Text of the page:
Robert Burns Birthplace Museum is a chance to really get to know Scotland’s favourite son. The museum site is centred around Burns Cottage, the poet’s first home. The two-roomed clay and thatch house was built by his father, William Burness in 1757. Burns, Scotland’s national poet, was born there two years later. He lived in this humble home for the first seven years of his life.
Today, the museum area includes this cottage, an elegant monument and gardens created in his honour, and a modern museum housing the world’s most important collection of artefacts about his life and his works. Discover interactive displays and exhibitions tracing Burns’ life story and some of his most famous writings.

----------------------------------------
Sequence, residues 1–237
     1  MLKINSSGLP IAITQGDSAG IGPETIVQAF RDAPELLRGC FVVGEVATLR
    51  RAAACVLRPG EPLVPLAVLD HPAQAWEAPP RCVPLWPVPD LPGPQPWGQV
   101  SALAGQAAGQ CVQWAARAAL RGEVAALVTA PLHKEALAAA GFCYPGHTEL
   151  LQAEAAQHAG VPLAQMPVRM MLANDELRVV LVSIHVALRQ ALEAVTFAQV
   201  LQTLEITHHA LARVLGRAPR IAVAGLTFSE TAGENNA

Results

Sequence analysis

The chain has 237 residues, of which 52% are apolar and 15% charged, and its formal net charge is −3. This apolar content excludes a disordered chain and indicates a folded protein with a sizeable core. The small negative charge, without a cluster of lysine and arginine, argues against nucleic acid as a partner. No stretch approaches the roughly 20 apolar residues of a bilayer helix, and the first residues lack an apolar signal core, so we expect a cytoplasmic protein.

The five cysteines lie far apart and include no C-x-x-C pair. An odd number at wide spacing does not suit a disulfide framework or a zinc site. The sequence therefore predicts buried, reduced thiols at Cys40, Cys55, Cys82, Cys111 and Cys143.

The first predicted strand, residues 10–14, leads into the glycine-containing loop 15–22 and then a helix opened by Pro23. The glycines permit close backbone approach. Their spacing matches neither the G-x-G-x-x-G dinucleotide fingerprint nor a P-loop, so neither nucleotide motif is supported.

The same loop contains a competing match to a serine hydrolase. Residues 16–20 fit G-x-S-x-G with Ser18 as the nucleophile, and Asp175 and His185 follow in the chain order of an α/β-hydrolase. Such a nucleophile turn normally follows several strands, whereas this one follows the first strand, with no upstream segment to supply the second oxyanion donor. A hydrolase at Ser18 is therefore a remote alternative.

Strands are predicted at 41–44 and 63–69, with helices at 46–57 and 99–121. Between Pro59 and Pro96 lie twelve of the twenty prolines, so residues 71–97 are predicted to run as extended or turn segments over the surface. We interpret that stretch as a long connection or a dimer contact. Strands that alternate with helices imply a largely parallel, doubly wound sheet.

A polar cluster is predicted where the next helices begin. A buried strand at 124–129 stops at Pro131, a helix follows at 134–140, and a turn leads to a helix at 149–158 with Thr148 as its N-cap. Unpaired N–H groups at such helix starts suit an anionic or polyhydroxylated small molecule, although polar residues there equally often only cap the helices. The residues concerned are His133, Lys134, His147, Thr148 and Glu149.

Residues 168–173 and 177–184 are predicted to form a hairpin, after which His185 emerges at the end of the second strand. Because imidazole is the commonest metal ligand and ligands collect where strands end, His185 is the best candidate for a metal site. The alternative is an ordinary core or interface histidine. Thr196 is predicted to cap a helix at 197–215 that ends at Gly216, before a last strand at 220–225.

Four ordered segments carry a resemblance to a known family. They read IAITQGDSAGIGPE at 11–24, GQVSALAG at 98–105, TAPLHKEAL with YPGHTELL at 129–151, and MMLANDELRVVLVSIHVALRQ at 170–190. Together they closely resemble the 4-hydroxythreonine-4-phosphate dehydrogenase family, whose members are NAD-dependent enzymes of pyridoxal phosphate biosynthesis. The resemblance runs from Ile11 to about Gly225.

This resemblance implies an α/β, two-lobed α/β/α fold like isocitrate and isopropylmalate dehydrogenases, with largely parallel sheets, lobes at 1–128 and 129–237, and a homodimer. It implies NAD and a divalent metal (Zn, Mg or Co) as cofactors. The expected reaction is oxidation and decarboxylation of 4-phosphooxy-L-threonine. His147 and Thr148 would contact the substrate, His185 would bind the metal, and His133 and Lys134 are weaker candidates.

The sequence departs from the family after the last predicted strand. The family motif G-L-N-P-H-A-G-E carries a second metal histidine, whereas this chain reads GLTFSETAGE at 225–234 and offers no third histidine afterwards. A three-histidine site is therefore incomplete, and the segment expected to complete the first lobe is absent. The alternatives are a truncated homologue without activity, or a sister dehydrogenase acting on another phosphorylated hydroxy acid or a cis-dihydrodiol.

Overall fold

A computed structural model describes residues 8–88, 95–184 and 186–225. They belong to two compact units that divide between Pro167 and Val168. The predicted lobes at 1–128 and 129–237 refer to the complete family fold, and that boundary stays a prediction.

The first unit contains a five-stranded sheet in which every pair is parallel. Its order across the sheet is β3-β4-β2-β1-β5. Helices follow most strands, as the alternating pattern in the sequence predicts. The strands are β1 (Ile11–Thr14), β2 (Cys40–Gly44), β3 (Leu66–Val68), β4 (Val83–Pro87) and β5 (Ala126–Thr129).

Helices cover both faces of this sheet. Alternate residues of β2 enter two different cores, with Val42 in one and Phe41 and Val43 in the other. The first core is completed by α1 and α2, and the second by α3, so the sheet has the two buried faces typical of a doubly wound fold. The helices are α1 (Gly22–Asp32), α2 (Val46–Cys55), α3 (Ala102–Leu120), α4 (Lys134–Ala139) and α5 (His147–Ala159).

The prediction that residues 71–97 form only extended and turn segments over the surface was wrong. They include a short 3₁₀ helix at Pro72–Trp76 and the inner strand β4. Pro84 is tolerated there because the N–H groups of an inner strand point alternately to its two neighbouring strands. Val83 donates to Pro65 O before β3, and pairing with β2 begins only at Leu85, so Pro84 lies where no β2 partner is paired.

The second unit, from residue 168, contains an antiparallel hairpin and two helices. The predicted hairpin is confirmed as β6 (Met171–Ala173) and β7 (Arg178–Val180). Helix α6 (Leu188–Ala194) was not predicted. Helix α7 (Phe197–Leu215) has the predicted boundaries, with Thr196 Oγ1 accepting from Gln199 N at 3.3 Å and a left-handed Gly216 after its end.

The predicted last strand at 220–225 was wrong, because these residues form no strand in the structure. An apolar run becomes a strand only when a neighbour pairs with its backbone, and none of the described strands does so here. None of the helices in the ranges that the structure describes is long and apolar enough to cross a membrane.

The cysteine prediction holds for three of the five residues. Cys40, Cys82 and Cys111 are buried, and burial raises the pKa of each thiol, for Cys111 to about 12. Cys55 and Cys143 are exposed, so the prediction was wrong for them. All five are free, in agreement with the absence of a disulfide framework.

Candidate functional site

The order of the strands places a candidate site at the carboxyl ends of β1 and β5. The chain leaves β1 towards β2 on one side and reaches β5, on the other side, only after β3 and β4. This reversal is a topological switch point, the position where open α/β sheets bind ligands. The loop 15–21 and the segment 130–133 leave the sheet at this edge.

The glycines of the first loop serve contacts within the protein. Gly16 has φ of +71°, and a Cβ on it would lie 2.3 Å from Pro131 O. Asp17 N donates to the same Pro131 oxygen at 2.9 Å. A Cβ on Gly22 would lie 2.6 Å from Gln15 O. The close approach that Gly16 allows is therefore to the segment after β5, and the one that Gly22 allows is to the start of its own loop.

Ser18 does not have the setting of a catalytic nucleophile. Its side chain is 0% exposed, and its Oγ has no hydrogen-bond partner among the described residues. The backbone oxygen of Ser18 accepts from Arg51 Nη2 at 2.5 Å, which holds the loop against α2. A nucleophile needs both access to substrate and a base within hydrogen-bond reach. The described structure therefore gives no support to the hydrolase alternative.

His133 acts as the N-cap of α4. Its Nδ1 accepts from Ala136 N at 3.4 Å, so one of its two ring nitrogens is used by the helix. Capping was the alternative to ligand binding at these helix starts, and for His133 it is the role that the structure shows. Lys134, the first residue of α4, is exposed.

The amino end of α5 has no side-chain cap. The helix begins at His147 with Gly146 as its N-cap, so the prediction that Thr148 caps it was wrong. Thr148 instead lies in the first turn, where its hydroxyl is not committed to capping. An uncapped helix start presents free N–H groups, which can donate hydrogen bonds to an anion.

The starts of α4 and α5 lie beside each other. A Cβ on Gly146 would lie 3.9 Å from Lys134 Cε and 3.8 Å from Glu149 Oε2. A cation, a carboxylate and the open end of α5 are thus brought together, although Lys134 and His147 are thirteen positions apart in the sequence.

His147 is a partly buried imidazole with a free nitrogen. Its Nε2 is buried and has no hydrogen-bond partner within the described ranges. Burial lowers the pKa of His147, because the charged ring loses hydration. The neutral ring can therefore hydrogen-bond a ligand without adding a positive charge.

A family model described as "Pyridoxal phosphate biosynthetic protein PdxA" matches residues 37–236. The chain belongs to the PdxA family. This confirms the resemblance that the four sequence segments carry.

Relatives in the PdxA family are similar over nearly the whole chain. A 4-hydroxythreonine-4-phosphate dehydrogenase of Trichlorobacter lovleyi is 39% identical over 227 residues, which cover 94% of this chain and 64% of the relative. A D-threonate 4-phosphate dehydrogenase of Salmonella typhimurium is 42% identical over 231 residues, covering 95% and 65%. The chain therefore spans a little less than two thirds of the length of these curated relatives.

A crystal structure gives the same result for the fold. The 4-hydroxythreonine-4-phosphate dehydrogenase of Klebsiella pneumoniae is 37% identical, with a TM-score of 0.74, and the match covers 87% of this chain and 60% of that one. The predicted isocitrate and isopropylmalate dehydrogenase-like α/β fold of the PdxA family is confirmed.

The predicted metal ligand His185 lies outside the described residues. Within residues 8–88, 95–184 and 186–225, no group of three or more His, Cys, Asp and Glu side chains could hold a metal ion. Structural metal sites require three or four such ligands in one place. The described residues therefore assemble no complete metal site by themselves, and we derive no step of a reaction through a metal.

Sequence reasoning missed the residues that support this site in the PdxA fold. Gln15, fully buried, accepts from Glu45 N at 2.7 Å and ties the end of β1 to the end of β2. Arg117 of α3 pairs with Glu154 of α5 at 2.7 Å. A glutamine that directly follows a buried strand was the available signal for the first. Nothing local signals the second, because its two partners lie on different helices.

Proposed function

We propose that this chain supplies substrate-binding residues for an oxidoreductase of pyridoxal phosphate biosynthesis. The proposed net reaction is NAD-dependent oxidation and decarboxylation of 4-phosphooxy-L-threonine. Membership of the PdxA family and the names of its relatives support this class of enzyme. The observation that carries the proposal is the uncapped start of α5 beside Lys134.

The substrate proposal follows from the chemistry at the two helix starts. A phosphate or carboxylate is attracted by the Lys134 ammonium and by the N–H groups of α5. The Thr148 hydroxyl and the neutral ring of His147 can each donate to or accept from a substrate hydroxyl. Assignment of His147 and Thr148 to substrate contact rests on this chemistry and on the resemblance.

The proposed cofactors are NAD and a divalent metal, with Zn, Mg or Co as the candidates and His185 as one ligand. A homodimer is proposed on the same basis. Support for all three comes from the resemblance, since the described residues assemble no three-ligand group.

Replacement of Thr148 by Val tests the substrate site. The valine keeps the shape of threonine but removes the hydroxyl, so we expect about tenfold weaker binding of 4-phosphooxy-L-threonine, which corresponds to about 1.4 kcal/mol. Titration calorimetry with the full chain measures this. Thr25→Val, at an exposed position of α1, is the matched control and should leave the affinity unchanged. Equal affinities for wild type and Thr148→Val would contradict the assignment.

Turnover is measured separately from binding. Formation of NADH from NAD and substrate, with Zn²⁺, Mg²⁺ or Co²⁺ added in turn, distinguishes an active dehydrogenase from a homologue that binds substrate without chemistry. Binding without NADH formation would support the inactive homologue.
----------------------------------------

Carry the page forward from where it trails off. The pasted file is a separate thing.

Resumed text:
Burns was an Ayrshire ploughman who rose from humble beginnings to become a famous poet. His sense of Scottish pride, egalitarianism and quick wit have become part of the Scottish character itself.
From the age of 30 until his death seven years later, Robert Burns was an excise man. Taking taxes on goods such as malted grain, alcohol, paper and soap was unpopular and the job of the excise man was a risky business. Visitors can see the pair of pistols Burns carried everywhere which are personalised with his initials.
Look out too for the list of subscribers to his ‘Scotch Poems’. They sold well and Burns has scored off subscribers’ names, following-up on promises to buy his book. But one name didn’t honour their promise. Beside William Lorimer’s name Burns notes ‘The Blockhead refused it’.
The Robert Burns Birthplace Museum, Murdoch’s Lane, Alloway, Ayr, Scotland KA7 4PQ.
Tel: 0844 493 2601. www.burnsmuseum.org.uk